Skip to main content

Put reason back in America's gun debate

By Saul Cornell, Special to CNN
December 17, 2012 -- Updated 1210 GMT (2010 HKT)
Connecticut State Police officers search outside St. Rose of Lima Roman Catholic Church in Newtown, Connecticut, on Sunday, December 16, after a threat prompted authorities to evacuate the building. Investigators found nothing to substantiate the reported threat, a police official said, declining to provide additional details. The church held Sunday services following last week's mass shooting at Sandy Hook Elementary School in Newtown. Connecticut State Police officers search outside St. Rose of Lima Roman Catholic Church in Newtown, Connecticut, on Sunday, December 16, after a threat prompted authorities to evacuate the building. Investigators found nothing to substantiate the reported threat, a police official said, declining to provide additional details. The church held Sunday services following last week's mass shooting at Sandy Hook Elementary School in Newtown.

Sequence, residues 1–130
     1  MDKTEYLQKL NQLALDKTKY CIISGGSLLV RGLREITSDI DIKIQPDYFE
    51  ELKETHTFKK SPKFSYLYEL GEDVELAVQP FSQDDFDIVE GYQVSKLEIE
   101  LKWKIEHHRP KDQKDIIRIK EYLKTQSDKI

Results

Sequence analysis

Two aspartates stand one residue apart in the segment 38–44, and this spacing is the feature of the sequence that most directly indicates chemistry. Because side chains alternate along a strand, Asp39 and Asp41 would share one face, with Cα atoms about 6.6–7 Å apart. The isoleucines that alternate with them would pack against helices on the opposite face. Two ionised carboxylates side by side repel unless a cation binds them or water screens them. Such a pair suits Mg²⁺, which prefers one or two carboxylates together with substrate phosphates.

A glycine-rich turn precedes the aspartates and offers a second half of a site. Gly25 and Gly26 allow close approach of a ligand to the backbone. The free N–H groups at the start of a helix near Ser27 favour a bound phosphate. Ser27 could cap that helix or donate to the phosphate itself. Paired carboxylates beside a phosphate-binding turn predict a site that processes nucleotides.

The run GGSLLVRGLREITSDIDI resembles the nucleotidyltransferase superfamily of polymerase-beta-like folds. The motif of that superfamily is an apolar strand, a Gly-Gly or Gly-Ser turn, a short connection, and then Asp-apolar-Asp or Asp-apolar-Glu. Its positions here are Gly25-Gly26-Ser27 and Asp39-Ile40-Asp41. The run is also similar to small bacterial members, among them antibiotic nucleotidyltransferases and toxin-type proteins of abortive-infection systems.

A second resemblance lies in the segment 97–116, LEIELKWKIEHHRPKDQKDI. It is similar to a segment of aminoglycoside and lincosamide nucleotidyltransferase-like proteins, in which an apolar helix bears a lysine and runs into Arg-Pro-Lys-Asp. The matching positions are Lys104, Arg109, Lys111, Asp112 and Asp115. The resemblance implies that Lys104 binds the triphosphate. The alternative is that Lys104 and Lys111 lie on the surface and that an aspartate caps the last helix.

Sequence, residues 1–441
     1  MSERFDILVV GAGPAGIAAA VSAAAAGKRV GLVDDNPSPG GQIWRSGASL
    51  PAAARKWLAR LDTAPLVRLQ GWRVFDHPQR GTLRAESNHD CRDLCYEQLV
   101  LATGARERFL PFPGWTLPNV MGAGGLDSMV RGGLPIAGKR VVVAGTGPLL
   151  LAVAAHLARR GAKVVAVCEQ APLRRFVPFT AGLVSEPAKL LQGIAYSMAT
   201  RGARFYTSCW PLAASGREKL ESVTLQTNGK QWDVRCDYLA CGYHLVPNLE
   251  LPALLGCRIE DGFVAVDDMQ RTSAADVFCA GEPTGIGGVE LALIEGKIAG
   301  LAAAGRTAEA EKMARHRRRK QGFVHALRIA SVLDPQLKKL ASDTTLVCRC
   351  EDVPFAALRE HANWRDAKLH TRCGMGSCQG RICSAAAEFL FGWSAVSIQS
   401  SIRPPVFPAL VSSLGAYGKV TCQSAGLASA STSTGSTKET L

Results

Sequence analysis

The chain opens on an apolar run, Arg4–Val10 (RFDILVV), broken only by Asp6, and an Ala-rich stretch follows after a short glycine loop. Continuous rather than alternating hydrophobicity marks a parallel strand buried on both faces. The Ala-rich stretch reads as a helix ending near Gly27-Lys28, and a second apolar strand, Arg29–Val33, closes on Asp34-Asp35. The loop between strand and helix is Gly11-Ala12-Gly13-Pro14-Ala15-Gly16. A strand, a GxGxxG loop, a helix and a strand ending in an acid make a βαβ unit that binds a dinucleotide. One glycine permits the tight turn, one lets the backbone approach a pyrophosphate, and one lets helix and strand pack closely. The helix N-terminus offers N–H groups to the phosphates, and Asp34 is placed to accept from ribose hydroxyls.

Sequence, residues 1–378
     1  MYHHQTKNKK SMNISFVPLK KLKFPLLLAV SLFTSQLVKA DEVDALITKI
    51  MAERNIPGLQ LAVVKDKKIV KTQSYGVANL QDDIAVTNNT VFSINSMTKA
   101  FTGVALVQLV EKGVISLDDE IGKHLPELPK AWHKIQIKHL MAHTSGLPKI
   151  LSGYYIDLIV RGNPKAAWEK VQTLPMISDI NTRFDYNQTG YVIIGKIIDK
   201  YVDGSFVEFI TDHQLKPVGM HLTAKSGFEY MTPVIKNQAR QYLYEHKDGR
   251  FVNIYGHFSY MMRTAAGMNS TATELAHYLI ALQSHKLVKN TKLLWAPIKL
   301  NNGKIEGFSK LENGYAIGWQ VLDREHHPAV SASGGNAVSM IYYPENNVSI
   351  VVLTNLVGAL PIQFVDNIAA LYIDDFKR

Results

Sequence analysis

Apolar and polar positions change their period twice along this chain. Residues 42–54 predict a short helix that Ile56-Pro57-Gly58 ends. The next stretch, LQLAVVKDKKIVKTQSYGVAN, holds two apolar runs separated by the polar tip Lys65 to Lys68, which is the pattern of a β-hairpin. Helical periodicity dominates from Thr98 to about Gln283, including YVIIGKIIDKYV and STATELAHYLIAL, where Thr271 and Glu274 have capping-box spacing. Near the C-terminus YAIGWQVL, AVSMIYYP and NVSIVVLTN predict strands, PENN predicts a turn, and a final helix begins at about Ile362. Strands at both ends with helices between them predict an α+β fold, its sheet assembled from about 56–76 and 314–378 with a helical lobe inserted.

HIDE CAPTION
Connecticut school shooting
Connecticut school shooting
Connecticut school shooting
Connecticut school shooting
Connecticut school shooting
Connecticut school shooting
Connecticut school shooting
Connecticut school shooting
Connecticut school shooting
Connecticut school shooting
Connecticut school shooting
Connecticut school shooting
Connecticut school shooting
Connecticut school shooting
Connecticut school shooting
Connecticut school shooting
Connecticut school shooting
Connecticut school shooting
Connecticut school shooting
Connecticut school shooting
Connecticut school shooting
Connecticut school shooting
Connecticut school shooting
Connecticut school shooting
Connecticut school shooting
Connecticut school shooting
Connecticut school shooting
Connecticut school shooting
Connecticut school shooting
Connecticut school shooting
Connecticut school shooting
Connecticut school shooting
Connecticut school shooting
Connecticut school shooting
Connecticut school shooting
Connecticut school shooting
Connecticut school shooting
Connecticut school shooting